Gaming headsets are one of those gadgets that you kinda don’t technically need, since you can just plug in any wired headphones with a decent microphone and Bob’s your uncle. However, if you’re in the mood to treat yourself, a good gaming headset can take your play to the next level with surround sound, an excellent microphone, and superior comfort. The ROG Delta S, priced at $349, is one of those good gaming headsets worth owning.
ROG Delta S design
The ROG Delta S looks like a gaming headset. It’s black, there’s some triangular bits, and it lights up with RBG because no one likes a rainbow more than a gamer, apparently. I say this as a homo who has attended many a pride parade, and yet still I’ve never seen a higher concentration of rainbows than on a gaming set up. I am wholeheartedly in favour of this.
The lights on the ears are really cool. Sometimes these RBG accents on the ears can be over the top or distracting, but these strike the right balance.
In the box you get a choice of pleather and breathable ear cups, and both are very comfortable. I prefer the breathable ones for long gaming sessions, but the pleather ones provide better passive noise cancelling.
The head band is designed so it doesn’t press the ear cups too firmly into your head. This is both good and bad. Good because it allowed it to be more comfortable for longer. Bad because there are ways to do a tight but comfortable fit, and the headset sounds better when it’s pressed in a little tighter.
Attached to the headset is a braided 1.5m USB-C cable which is just not long enough. If you have your PC on your desk, it’s fine, but I have my PC under my desk and found I couldn’t recline comfortably while plugged in. An extra 50cm would have made all the difference. Just seems miserly to stop at 1.5m. You can extend it by plugging in the USB-C to USB-A cable, which gives you an extra metre, though, so it’s not as much of a problem.
On the left ear cup you get a lighting control switch and a volume rocker you can also press to mute the mic. I would have preferred a separate mute switch, but that’s just a personal preference.
ROG Delta S gaming audio
Here is where the headset absolutely shines, which is good, as it’s the headset’s one true purpose. Playing Fortnite the 7.1 surround sound was extremely effective for helping me find loot chests, workout where those footsteps were coming from and generally let me know where stuff is.
Sometimes these virtual surround sound things can be hit and miss, so I’m really glad ROG nailed it, because it’s really the primary reason to use a gaming headset over regular headphones.
The sound quality, however, isn’t quite as high fidelity as I would like at this price point. This primarily seems to be down to the fit. If my head was the shape this headset is designed for, I would be set, because when I press the ear cups down on my ears a bit more, I pick up extra details and the music sounds fuller. But with the fit how it naturally wants to sit, there are details I know I’m missing.
That’s not to say it sounds bad. The bass is very strong, and the mids and treble are there enough that I’m a happy camper. But knowing that it could have been better with a couple of tweaks and better articulation is frustrating.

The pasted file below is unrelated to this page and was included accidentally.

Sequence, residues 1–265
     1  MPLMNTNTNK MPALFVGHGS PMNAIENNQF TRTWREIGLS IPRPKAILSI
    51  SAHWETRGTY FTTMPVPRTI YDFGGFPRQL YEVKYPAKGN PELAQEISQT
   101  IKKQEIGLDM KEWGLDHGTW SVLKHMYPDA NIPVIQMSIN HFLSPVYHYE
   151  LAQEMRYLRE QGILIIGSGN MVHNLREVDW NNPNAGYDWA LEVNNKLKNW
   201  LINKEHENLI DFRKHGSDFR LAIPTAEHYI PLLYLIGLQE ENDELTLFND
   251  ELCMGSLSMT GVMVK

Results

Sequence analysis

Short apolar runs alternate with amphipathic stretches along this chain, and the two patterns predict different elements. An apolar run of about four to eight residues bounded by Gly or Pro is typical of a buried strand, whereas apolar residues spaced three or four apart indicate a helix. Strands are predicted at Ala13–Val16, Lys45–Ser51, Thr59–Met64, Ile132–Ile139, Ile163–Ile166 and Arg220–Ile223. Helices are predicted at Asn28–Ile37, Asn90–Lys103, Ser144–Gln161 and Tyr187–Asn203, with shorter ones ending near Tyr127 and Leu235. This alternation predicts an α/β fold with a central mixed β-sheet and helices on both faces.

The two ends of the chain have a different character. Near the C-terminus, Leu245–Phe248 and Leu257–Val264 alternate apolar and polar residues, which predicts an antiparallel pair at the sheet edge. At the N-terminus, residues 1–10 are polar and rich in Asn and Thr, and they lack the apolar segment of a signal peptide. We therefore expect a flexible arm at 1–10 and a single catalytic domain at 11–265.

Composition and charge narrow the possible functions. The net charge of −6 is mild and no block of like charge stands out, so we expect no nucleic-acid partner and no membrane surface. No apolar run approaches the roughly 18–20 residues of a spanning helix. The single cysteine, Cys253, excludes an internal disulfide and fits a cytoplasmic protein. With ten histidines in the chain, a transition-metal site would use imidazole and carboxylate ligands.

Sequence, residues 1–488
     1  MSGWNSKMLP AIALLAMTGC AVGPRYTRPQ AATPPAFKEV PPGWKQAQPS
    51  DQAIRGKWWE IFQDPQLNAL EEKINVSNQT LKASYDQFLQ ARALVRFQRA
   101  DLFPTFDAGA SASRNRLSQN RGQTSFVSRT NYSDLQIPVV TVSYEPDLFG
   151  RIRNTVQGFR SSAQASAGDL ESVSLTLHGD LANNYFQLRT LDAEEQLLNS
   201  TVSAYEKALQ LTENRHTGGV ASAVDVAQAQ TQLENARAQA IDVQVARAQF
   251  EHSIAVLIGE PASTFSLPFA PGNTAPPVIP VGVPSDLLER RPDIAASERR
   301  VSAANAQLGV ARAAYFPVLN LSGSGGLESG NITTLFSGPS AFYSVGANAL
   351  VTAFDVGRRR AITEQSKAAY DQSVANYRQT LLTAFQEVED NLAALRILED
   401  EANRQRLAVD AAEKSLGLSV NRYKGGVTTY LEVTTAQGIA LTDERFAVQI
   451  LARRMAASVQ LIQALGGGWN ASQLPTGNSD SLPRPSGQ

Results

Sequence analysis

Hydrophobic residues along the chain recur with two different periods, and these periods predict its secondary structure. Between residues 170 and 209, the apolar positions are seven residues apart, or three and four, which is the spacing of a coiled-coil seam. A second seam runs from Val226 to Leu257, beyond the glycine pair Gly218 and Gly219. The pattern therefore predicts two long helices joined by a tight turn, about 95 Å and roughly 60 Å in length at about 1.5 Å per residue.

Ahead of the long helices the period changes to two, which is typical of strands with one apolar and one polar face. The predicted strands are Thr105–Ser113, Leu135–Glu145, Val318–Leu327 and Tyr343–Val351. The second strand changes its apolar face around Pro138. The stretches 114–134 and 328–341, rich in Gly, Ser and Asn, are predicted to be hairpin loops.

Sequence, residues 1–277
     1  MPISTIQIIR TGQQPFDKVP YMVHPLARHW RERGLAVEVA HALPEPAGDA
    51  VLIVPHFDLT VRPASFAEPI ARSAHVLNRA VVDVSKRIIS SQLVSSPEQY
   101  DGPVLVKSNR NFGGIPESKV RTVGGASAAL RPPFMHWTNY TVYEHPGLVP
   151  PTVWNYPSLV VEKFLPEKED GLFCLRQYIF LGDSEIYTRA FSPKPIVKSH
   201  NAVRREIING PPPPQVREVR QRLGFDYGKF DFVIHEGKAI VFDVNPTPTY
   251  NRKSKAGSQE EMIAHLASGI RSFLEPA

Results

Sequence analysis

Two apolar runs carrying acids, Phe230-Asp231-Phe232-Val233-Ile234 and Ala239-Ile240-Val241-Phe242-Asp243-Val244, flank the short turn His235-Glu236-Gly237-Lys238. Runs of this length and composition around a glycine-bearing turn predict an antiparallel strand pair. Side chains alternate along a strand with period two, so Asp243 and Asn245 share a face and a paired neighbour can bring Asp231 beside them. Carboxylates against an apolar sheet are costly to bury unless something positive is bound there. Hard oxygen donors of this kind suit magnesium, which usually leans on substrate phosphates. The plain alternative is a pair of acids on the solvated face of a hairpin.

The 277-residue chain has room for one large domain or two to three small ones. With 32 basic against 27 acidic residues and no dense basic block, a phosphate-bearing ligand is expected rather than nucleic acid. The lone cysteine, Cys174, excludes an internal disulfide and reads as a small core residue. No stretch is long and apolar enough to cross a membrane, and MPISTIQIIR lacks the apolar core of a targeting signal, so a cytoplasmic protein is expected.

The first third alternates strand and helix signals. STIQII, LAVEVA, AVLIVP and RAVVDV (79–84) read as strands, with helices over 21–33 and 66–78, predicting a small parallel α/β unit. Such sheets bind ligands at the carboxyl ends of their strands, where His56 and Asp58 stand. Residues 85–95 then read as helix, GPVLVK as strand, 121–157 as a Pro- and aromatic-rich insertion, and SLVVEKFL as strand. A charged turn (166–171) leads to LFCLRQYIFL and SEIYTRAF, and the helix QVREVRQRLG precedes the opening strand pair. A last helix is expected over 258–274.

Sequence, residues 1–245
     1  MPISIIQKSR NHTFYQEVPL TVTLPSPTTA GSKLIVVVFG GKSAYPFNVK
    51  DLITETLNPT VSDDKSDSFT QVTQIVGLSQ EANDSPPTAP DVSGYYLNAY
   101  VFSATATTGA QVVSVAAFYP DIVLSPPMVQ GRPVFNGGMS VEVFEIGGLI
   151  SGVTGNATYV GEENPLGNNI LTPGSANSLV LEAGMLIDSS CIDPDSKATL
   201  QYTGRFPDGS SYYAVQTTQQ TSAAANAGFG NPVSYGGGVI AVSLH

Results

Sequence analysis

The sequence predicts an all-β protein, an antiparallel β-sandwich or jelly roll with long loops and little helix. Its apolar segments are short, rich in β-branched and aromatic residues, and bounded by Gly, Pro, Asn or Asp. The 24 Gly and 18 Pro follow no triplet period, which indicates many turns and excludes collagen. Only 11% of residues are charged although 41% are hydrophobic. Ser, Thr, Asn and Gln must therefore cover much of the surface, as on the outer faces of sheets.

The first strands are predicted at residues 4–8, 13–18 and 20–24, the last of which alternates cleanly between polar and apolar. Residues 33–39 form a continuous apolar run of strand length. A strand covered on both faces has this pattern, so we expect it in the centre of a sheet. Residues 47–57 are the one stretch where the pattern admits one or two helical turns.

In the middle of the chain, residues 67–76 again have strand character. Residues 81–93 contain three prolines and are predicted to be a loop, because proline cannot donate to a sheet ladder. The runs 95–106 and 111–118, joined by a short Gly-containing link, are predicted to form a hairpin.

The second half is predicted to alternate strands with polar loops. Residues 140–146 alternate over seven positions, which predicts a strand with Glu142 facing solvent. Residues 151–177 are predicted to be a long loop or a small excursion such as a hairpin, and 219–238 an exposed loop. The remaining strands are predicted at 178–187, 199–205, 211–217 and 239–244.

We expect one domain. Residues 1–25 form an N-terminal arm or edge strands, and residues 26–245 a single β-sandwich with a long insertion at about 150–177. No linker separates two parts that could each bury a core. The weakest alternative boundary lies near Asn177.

The internals of this headset are solid. 50mm drivers, support for MQA-encoded high fidelity files and a headphone frequency response of 20 ~ 40000Hz is all super impressive. If you can get a good seal and a strong fit on your head shape, you’re in for a good time.
ROG Delta S music quality
If you’re spending this much on a pair of headphones, you’re going to want them to do it all, and these can, particularly if you like very bassy music and don’t listen too closely. All good gaming headsets are tuned to favour bass, because that’s the most important frequency in gaming audio.
So, MANTRA by Bring Me The Horizon sounds chunky and grounded, though a touch fuzzy. What’s Left Inside by Conquer Divide sounds a little blurry, there’s none of the definition around the drums I would expect from music-oriented headphones, and the female vocalist sounds a little extra pitchy, showing the reduced mid-tone response because all the power is directed towards the bass. The hi-hat flourishes are still present for the most part, but more hidden than usual.
ROG Delta S microphone quality
The microphone sounds really great, it’s a cut above most of the other gaming headset microphones I’ve tried this year (and I have tried a lot). It’s not as good as a standalone mic, obviously, but it’s better than most boom mics, and that’s more than enough for most heavy users.
ROG Delta S verdict
If you can get the ROG Delta S to properly conform to your head shape, then you’re going to love it for gaming. I would use a different pair of headphones, this isn’t a headset that can do it all, despite what the spec sheet claims. But while you can do better for gaming, you can certainly also do much worse, especially at this price point. If you find it comfortable, you like the aesthetic, and you can’t stretch for a different headset, I say go for it.
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